Michael Zerang & The Blue Lights Touring Europe this November

Following the release of their debut album "Songs From The Big Book Of Love" and it's cassette companion "Hash Eaters & Peacekeepers" on Pink Palace Records this May, Michael Zerang & The Blue Lights (European Edition) are heading to Germany, Poland & Austria next month to present Zerang's original compositions written for this brand new band, plus arrangements of Middle Eastern tunes that inspired him in his youth.

Michael Zerang & The Blue Lights (European Edition) consists of: John Dikeman – Alto & Tenor Saxophone / Dave Rempis – Alto & Tenor saxophone / Emil Strandberg – Trumpet / Kent Kessler – Contrabass / Michael Zerang – Drums, Composition. Join us if you are around, you will be rewarded with positive frequencies!

Nov 19 | Evinger Schloss | Dortmund, Germany
Event Link & Tickets: http://bit.ly/1M8JGI7

Nov 20 | Akut Festival | Mainz, Germany
Event Link & Tickets: http://bit.ly/1NUapbJ

Nov 21 | Club Manufaktur | Schorndorf, Germany
Event Link & Tickets: http://bit.ly/1RoaMZC

Nov 22 | Krakow Jazz Autumn Festival | Krakow, Poland
Event Link & Tickets: http://bit.ly/1RWhMOs

Nov 24 | Made In Chicago Festival | Poznan, Poland
Event Link & Tickets: http://bit.ly/1hTIsSY

Nov 26 | Martinschlössl | Vienna, Austria
Event Link & Tickets: http://bit.ly/1Lfqsd1

Nov 27 | Stockwerk Jazz | Graz, Austria
Event Link & Tickets: http://bit.ly/1xjfFZC

Nov 28 | Alte Gerberei | Sankt Johann in Tirol, Austria
Event Link & Tickets: http://bit.ly/1MTqexY

Nov 29 | TBA | Wels, Austria
Event Link & Tickets: Coming soon!

Audio from Songs Of The Big Book Of Love:

Audio from Hash Eaters and Peacekeepers:

Zerang put together the group last year, and based on three demo tracks I’ve heard, it’s dynamite. The pieces are built around warm, woody ostinatos from Kessler (a Zerang collaborator from the beginning), with tart, sparse horn parts filling in the foreground—first with soulful calm, then with increasing agitation. The lovely themes would remind me of late-70s and early-80s recordings by the likes of David Murray, Craig Harris, and Julius Hemphill, except they’re imbued with Middle Eastern sonorities. The melodies’ graceful simplicity allows Williams and Rempis to take flight without losing touch with the elegant grooves. I can only imagine how hot the Blue Lights will be by the time they wrap up this weekly Tuesday residency at the end of the month, but they’re already on fire. — Peter Margasak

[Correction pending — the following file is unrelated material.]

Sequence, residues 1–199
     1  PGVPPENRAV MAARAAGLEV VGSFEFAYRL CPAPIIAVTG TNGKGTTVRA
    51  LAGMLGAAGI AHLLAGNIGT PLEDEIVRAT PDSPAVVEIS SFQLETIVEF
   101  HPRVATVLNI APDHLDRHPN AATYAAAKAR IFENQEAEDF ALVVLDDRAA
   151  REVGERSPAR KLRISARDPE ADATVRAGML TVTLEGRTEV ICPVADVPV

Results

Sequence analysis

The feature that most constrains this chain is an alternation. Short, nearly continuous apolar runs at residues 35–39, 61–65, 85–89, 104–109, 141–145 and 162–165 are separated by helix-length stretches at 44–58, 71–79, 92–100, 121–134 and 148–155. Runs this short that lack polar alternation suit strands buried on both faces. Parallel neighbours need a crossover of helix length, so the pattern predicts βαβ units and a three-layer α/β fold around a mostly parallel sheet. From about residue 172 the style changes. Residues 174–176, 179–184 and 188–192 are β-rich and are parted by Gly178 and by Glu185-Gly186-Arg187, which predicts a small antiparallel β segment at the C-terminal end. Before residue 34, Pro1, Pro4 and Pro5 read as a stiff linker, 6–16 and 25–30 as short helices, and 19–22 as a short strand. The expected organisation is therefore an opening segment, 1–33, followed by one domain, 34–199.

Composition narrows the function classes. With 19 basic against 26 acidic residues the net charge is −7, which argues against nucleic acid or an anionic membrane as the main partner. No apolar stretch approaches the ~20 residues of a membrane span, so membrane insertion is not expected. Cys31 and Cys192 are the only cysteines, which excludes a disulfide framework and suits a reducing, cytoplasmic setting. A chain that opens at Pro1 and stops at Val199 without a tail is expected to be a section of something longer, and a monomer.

(...) the music of percussionist Zerang & the Blue Lights clearly has been designed to welcome listeners into the world of avant-garde jazz. It would be difficult to imagine a much more effective enticement. — Howard Reich, Chicago Tribune

Their first performance is a great indication, expect deep acid grooves in a potent decoction of World vernaculars.
Uncanned Music Chicaco

Some of the most majestically beautiful work of the evening unfolded in "Come to the Palace of Love," from the new album. Kessler's bowed lines on bass and the horns' wide-open tones gave the piece a regal, fanfare-like quality. Before long, Rempis' murmuring alto, Zerang's gently rolling percussion and Kessler's softly stated bass lines showed the subtle side of the Blue Lights.
Howard Reich, Chicago Tribune

These fierce individualists have wholly embraced Zerang's approach for the Blue Lights, crafting a music that bristles with dissonance in its solos but is very nearly euphonious in ensemble passages. Most of the pieces the band played during the first set were built on an easily perceived backbeats – or at least a fairly steady pulse – giving even casual listeners something to hang on to. Add to this songs that often conveyed catchy riffs and three-part horn writing of considerable tonal beauty, and you had the best of two worlds: fiery solo statements alternating with carefully crafted, melodically attractive passagework for the ensemble.
Howard Reich, Chicago Tribune

The intricate counter-point of massed horns versus bass on Bright Lights And Saucy Tights brings to mind J.S. Bach, while the syncopated cadences and earthy, low-end melody of Chicago Rub Down contain the potential for some serious funk. But this is still music for improvisers, and it won’t be complete until the last time these musicians play it.
Bill Meyer, Chicago Music


For additional reading, please visit the Michael Zerang & The Blue Lights artist page. Stay up-to-date w/ pictures, videos, audio and other impressions from this tour by joining our Facebook Event Page!

Tags: News, European Tour, November, Michael Zerang, Michael Zerang & The Blue Lights, Mars Williams, Dave Rempis, Josh Berman, Kent Kessler, Live, Songs From The Big Book Of Love, Hash Eaters and Peacekeepers
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